The Fifteen Percent Pledge recently announced a new partnership with Google Shopping in an effort to increase access and opportunity for Black-owned businesses. Additionally, today, the Fifteen Percent Pledge launched its online database of Black business owners, the Business Equity Community.
“I wanted to make sure there was a place where all of these small businesses are able to put their best foot forward,” Aurora James, founder of the Fifteen Percent Pledge and the accessories brand Brother Vellies, tells EBONY. “I’m excited to do as much as we can to really engage this community to think outside of the box and embrace themselves as much as possible instead of feeling like they have to fit into a mold.”
By way of the two-year partnership, Google will provide Black entrepreneurs with digital trainings and workshops tailored to assist them with increasing the online presence of their businesses.
“Google really wants to equip Black business owners with training and resources to grow and scale their businesses,” says Stephanie Horton, Director of Marketing, Google Shopping. “The trainings support all of the things people need, especially in this digital landscape, to get their businesses off of the ground and make sure that they are discoverable through search. Some of the first trainings will show businesses how to reach consumers online. They will learn how Google Search works, how people might find their businesses, and then we will walk them through the latest tools and search engine optimization strategies, and building a really strong online presence.”
The initiative is exclusively for members of the Business Equity Community.
“It’s really to elevate and support Black businesses and make sure that they have the tools they need to succeed in the digital landscape,” Horton goes on. “Businesses, today, you have to be online because you need to meet customers where they are.”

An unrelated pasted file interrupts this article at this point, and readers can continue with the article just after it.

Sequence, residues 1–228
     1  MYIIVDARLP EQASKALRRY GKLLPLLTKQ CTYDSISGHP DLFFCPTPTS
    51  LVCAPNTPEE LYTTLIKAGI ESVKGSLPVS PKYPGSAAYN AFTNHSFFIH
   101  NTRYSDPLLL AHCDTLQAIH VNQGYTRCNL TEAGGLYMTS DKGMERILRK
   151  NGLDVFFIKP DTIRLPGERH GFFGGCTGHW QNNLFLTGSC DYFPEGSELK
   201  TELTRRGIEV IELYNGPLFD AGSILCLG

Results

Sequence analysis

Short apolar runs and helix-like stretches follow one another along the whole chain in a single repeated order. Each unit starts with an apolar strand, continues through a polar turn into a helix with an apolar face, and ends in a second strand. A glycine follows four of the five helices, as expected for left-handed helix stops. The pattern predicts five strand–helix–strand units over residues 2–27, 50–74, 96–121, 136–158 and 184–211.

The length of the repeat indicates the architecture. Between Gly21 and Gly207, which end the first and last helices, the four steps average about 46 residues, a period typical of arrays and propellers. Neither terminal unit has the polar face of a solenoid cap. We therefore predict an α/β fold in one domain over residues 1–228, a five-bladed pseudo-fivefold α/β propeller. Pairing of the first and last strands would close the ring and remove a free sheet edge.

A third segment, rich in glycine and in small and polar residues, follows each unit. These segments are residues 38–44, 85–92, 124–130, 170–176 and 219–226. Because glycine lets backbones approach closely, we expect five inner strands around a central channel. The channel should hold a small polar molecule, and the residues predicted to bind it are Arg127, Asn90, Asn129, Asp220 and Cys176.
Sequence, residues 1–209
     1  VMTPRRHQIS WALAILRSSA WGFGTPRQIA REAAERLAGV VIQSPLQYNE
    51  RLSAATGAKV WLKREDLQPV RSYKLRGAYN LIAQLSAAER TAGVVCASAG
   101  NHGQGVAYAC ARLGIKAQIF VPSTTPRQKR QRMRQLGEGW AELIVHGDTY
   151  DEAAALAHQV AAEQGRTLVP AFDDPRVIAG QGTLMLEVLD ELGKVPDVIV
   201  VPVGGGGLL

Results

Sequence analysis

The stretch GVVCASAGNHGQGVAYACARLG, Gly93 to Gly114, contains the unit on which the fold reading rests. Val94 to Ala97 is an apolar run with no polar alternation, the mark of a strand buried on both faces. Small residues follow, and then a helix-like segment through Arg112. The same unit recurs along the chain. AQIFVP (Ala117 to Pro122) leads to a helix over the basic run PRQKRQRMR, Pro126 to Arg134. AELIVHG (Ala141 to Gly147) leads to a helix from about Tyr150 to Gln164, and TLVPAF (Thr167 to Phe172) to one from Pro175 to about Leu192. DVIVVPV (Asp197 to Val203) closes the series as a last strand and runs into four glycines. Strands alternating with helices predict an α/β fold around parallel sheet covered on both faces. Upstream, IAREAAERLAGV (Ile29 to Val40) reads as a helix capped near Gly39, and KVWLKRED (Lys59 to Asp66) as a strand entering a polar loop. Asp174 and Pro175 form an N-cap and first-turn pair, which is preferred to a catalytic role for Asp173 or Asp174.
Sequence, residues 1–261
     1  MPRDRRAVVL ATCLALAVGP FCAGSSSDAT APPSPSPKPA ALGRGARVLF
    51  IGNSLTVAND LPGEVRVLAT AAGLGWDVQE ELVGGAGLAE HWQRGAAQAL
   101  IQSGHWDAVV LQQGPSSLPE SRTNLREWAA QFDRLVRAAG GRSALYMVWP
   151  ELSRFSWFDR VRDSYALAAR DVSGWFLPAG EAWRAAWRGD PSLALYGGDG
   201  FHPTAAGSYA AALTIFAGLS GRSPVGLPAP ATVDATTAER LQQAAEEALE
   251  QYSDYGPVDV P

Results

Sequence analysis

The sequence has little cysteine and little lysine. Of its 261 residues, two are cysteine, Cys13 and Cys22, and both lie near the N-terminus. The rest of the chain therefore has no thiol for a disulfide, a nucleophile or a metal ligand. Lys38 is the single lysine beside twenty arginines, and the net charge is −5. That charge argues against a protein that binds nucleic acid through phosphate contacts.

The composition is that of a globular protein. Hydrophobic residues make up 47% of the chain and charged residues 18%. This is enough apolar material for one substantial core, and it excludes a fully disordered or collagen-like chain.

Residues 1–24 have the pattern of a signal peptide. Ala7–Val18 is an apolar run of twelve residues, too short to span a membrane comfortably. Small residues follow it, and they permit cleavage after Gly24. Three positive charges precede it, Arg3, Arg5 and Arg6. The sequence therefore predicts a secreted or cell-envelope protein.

In addition to the trainings, Google will continue showcasing Black-Owned business via their Google Small Business channels by way of their Black Owned Friday campaign, which launched in October.
“This is a part of our small business effort. This is really centered around small businesses and getting them more notoriety and visibility,” Horton adds, noting that the tech giant saw searches for Black-owned businesses spike by 600 percent last year. “Online is kind of challenging if you don’t know how it works and how to optimize. Our goal is to level the playing field and give people the tools that they need.”
Founded in the wake of the murder of George Floyd in 2020, the Fifteen Percent Pledge is a nonprofit organization with the goal of urging major retailers to commit 15 percent of their shelf space to Black-owned businesses.
“I was getting a barage of calls and texts from friends and colleagues asking, ‘What do we do?'” Aurora recalls of the days following Floyd’s passing.
Among the trends she noticed were leaders at retail companies wondering if they had done enough after making donations to Black-led organizations. After ruminating the question, “What does it really take to support change and be anti racist if you’re a major retailer?” and considering the fact that “40 percent of Black-owned businesses were expected to close because of the pandemic,” The Fifteen Percent Pledge was formed.
Today, 28 companies have taken the pledge—including Ulta, Sephora, Rent the Runway, Medmen, Yelp, Vogue, Macy’s Inc., Bloomingdales, Blue Mercury, InStyle, Indigo (CA), West Elm, Crate & Barrel, CB2, Crate & Kids, Madewell, Gap Inc., Old Navy, Athleta, Banana Republic, KITH, and more.
To learn more about the Fifteen Percent Pledge and the Business Equity Community, visit fifteenpercentpledge.org.